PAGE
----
Seeing how hard it was to accept this truth about the Eucharist, Jesus asks them rhetorically: Do you take offense at this? (Jn 6:61). He goes on to elaborate on the truth of this great mystery: Then what if you were to see the Son of man ascending where he was before? It is the spirit that gives life, the flesh is of no avail; the words that I have spoken to you are spirit and life (Jn 6: 62-63). Here Jesus points to the mystery of His humanity, which was glorified through His death, resurrection and ascension into heaven. The glorification of His human soul occurred at the moment of his death on the cross. The glorification of His body took place at the Resurrection. His ascension, on the other hand, marked the end of his physical, visible presence on earth. His humanity (body and blood) began a new mode of existence: For in him the whole fullness of deity dwells bodily (Col 2:9). At the same time, Christ’s departure at the Ascension marks His coming in a new, all-present way, albeit imperceptible to the senses. His body became invisible and claimed its rightful place within the almighty Trinity of Persons that is God. Thus, Jesus in his humanity becomes universally present: He who descended is he who also ascended far above all the heavens, that he might fill all things (Eph 4:10). In the Eucharist, Jesus offers us His body and blood as food to eat and drink. It is the same Jesus in His invisible, glorified humanity — the fruit of His infinite love and mercy in the mystery of the death and resurrection. At every celebration of the Eucharist, Jesus makes present His sacrifice on the cross and gives us His real body and blood to eat and drink, only now made glorious by the power of the Holy Spirit.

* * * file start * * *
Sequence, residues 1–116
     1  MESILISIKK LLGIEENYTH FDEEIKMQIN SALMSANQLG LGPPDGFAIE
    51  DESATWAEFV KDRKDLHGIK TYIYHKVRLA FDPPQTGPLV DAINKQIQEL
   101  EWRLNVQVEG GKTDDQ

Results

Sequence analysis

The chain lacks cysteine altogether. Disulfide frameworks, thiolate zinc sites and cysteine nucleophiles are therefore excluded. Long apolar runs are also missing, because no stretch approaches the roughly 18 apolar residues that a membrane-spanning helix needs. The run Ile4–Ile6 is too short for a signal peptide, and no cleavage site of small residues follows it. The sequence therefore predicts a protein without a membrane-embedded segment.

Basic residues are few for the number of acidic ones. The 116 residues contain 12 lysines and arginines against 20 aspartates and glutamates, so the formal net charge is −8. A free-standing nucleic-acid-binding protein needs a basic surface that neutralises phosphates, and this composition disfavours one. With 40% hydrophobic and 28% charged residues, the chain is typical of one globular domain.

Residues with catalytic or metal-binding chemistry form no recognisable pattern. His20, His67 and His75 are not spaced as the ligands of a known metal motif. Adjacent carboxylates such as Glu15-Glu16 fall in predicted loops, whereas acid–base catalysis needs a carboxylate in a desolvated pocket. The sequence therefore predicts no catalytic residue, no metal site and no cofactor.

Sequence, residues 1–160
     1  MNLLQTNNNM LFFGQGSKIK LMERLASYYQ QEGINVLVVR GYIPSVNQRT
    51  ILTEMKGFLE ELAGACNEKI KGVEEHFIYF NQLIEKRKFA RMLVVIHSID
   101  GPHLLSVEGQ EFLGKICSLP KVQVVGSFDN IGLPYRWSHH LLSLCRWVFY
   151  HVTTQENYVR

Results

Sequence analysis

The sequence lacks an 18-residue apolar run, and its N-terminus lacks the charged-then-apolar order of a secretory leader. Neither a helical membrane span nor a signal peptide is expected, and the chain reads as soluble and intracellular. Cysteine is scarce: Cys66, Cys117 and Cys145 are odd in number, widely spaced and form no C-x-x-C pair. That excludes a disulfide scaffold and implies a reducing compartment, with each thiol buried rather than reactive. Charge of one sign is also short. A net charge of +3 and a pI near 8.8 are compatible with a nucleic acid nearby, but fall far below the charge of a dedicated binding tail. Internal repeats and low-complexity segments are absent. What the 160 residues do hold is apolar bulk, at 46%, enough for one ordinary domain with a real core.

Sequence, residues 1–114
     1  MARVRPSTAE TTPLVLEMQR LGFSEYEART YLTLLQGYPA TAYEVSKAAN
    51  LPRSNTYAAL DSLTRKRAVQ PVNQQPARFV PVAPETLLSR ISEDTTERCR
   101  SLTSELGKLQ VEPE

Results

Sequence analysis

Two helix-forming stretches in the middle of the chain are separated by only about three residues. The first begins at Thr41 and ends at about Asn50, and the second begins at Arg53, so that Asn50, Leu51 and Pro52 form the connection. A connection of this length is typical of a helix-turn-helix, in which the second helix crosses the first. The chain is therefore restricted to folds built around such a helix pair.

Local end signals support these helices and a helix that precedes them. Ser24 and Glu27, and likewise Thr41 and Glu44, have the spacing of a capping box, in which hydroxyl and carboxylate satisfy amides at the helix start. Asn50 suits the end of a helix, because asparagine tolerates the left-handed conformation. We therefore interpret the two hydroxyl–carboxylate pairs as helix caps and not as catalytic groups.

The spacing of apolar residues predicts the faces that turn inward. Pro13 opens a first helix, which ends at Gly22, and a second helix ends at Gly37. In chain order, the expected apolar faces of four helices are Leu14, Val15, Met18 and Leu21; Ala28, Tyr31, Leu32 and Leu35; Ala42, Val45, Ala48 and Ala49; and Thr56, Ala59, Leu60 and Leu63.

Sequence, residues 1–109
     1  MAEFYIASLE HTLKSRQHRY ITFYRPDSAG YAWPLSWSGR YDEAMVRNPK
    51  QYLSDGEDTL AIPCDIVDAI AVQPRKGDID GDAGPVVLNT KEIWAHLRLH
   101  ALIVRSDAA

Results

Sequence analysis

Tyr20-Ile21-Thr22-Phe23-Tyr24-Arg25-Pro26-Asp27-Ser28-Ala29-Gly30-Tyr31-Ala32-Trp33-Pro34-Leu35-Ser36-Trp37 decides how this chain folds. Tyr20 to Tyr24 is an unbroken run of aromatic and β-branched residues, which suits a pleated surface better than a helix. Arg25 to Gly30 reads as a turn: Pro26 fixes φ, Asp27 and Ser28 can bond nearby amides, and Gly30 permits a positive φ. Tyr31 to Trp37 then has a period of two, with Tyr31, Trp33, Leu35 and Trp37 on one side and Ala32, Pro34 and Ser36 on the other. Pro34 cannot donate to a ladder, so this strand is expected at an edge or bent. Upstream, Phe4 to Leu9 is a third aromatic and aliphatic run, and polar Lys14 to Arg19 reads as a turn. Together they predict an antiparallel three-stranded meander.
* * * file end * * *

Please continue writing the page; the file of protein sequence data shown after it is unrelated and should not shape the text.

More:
Whenever we participate faithfully in the Mass and receive Holy Communion with a pure heart, we take full part in the drama of His death and resurrection. In so doing, we offer ourselves up with Him to God the Father, and receive the greatest gift through the Holy Spirit: eternal life and love. That is why Jesus tells us: unless you eat the flesh of the Son of man and drink his blood, you have no life in you….As the living Father sent me, and I live because of the Father, so he who eats me will live because of me. This is the bread which came down from heaven, not such as the fathers ate and died; he who eats this bread will live forever (Jn 6: 53, 57-58).
Those who feed on Christ in the Eucharist need not wait until the hereafter to receive eternal life: they already possess it on earth, as the first fruits of a future fullness which will embrace man in his totality. For in the Eucharist we also receive the pledge of our bodily resurrection at the end of the world: “He who eats my flesh and drinks my blood has eternal life, and I will raise him up at the last day” (Jn 6:54). This pledge of the future resurrection comes from the fact that the flesh of the Son of Man, given as food, is his body in its glorious state after the resurrection. With the Eucharist we digest, as it were, the “secret” of the resurrection. For this reason Saint Ignatius of Antioch rightly defined the Eucharistic Bread as “a medicine of immortality, an antidote to death” (Ecclesia de Eucharistia, 18).
This supreme gift is offered freely to us all — but under one condition: that we be free of serious sin. In that case, we should seek reconciliation with God in the Sacrament of Penance, for Scripture warns us: Whoever, therefore, eats the bread or drinks the cup of the Lord in an unworthy manner will be guilty of profaning the body and blood of the Lord. Let a man examine himself and so eat of the bread and drink of the cup. For any one who eats and drinks without discerning the [Lord’s] body eats and drinks judgment upon himself (1 Cor 11: 27-29).